Playing with the numbers of my Honda GX31 & a prop I have (36' dia. & 16" pitch) leads me to a reduction of about 3.5 to 1 to get about 30 mph. It should give better acceleration & hill climbing than direct drive model plane props, designed for much higher speeds.

    It seems you could use a lightweight bike this way. You could use rear suspension easily too.

    I'd like to see it on a fully enclosed, streamlined recumbent with the engine/prop mounted higher to intercept 'cleaner' air.
     
    Last edited by a moderator: Dec 30, 2007
  15. mopedjay

    mopedjay Guest

    i built one of the backpack fans out of a leaf blower and a homemade prop out of plywood it didnt work out too well

    i would think it would be better just to have the engine driving the wheels cause even friction drive would be better than a propellor drive unless your in the water
     
  16. Tom Bartlett

    Tom Bartlett New Member

    Propeller Driven Bicycle (warning long Post)

    Back in 2000, a Zipcycle customer (I've forgotten his name) in Ohio built a propeller-powered bike, and shipped it to us for evaluation. He used a 30cc string trimmer engine with a 22" RC airplane propeller and mounted the entire rig on the back end of the bike, and included a fan guard. Unfortunately, I cannot find the photos, but we kept the bike about a month, and all the guys at the plant (including me) rode it daily. The additional weight at the extreme rear took getting used to, but overall, it worked fairly well. The initial acceleration was not great, but we simply added human power to get it started faster. Once under way, the power continued to build until about 25 mph, then it sort of peaked. The noise was greater than a normal Zipcycle, but not unduly uncomfortable. We decided not to market the bike, but overall the power train worked, it was controllable (a little more balancing was required), and (relatively) safe with the fan guard. It is almost worth building another just to re-create the looks on the faces of those you have passed. It has to be seen to be believed.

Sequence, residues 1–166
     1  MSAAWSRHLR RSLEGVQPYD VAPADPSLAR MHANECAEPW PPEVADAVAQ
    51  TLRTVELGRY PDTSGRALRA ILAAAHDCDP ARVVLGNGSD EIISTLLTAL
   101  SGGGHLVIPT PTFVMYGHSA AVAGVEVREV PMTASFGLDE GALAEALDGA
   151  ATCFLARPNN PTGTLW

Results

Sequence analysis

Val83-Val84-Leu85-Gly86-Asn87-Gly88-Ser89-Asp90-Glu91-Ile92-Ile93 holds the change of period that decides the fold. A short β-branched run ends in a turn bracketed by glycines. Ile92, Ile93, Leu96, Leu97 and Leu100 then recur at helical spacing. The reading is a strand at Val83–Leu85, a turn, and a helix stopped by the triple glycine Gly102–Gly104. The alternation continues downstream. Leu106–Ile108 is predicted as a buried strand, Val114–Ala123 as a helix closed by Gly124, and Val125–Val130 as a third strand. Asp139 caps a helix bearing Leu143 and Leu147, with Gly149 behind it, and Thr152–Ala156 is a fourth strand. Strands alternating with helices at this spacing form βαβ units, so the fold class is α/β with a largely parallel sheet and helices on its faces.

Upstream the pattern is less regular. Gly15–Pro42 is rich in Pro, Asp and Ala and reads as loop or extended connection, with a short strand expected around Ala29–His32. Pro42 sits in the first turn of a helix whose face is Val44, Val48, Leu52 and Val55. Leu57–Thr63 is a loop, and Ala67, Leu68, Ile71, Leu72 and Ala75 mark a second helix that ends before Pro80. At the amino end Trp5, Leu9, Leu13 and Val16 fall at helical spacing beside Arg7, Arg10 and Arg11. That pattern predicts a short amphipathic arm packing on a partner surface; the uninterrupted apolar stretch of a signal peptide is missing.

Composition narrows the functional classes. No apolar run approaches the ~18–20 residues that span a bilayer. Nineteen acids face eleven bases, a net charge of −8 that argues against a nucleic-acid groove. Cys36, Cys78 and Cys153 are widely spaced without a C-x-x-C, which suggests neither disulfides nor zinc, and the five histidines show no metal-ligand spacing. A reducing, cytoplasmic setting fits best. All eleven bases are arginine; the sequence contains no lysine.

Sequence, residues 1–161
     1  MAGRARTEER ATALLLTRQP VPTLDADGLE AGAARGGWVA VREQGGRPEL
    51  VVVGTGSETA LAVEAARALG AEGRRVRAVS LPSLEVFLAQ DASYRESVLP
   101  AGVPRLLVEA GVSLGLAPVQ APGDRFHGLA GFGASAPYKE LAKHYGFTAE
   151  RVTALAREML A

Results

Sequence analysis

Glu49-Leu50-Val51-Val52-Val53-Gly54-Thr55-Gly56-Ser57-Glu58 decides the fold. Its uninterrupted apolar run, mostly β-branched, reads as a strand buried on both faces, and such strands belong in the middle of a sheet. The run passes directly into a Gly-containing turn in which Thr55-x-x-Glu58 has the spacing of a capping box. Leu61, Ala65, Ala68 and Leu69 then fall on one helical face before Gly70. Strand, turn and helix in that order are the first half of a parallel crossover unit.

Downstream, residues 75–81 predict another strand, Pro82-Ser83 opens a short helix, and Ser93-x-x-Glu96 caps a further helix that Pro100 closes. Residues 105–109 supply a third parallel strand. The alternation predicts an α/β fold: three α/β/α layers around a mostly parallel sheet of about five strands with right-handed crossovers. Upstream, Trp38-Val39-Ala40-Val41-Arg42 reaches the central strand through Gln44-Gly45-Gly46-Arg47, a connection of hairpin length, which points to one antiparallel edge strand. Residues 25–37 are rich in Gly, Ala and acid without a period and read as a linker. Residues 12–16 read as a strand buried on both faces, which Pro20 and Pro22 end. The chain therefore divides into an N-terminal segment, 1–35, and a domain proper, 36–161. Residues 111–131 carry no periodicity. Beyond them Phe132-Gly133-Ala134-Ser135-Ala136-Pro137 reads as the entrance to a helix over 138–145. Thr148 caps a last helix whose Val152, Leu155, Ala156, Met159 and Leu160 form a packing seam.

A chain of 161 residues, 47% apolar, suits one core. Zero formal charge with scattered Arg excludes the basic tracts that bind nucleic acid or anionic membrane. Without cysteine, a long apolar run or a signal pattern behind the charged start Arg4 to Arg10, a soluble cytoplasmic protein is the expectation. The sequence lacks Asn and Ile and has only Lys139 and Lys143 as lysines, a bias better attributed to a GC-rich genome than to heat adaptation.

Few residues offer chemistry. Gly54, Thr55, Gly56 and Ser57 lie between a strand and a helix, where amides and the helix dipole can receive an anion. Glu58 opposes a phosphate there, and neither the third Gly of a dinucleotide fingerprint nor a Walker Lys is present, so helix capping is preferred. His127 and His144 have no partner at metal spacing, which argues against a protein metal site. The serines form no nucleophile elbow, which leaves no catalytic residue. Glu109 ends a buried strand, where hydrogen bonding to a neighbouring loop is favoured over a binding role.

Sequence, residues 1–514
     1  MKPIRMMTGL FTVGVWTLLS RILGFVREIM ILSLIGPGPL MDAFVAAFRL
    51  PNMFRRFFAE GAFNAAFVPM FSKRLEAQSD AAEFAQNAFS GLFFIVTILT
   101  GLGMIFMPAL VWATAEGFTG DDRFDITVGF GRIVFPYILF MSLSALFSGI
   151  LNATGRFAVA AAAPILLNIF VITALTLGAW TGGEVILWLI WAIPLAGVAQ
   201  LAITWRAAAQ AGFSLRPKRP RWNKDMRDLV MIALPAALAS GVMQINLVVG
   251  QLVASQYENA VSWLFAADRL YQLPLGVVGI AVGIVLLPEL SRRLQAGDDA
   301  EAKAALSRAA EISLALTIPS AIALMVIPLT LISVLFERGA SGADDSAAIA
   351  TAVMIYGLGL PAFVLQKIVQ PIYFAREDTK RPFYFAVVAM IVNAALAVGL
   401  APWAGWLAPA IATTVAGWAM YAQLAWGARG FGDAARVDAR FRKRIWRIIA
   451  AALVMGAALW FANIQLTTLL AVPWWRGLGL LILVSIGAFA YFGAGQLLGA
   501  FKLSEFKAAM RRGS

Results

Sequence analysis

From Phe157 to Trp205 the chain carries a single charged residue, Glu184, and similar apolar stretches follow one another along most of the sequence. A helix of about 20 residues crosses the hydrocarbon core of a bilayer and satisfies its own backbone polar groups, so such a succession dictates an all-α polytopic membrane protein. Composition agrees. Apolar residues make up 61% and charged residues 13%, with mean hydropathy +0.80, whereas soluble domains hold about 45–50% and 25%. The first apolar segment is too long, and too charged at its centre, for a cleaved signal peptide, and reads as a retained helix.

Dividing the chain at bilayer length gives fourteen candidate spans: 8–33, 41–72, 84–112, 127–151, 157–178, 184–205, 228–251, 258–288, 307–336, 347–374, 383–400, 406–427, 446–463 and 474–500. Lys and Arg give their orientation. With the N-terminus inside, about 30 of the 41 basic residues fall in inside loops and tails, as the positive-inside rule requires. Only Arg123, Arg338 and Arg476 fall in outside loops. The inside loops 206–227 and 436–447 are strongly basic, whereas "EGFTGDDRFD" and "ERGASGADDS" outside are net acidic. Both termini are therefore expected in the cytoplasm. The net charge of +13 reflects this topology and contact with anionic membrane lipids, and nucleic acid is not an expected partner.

On a side note about propeller-powered vehicles, the Lane Motor Museum in Nashville, TN has a propeller-powered tadpole trike driven by a Harley hung way up and out on front. I was there one Saturday when they took it out in the parking lot for a demonstration run. First, a very brave mechanic hand-propped the engine while the driver held the brakes. Then it was driven carefully around the parking lot (no one, absolutely no one got very close). The sight alone was worth the trip to Nashville.
    Tom Bartlett
     
  17. Sianelle

    Sianelle Guest

  18. mopedjay

    mopedjay Guest

    i was thinking i could make a hat with the weedwacker engine mounted on the back with the prop then with it on my head it would be out of the way then it would power me on anything

    and i think since the motor is attached to me and not the bike then it doesnt have to be registered right
     
  19. Sianelle

    Sianelle Guest

    [​IMG]
     
  20. Tom Bartlett

    Tom Bartlett New Member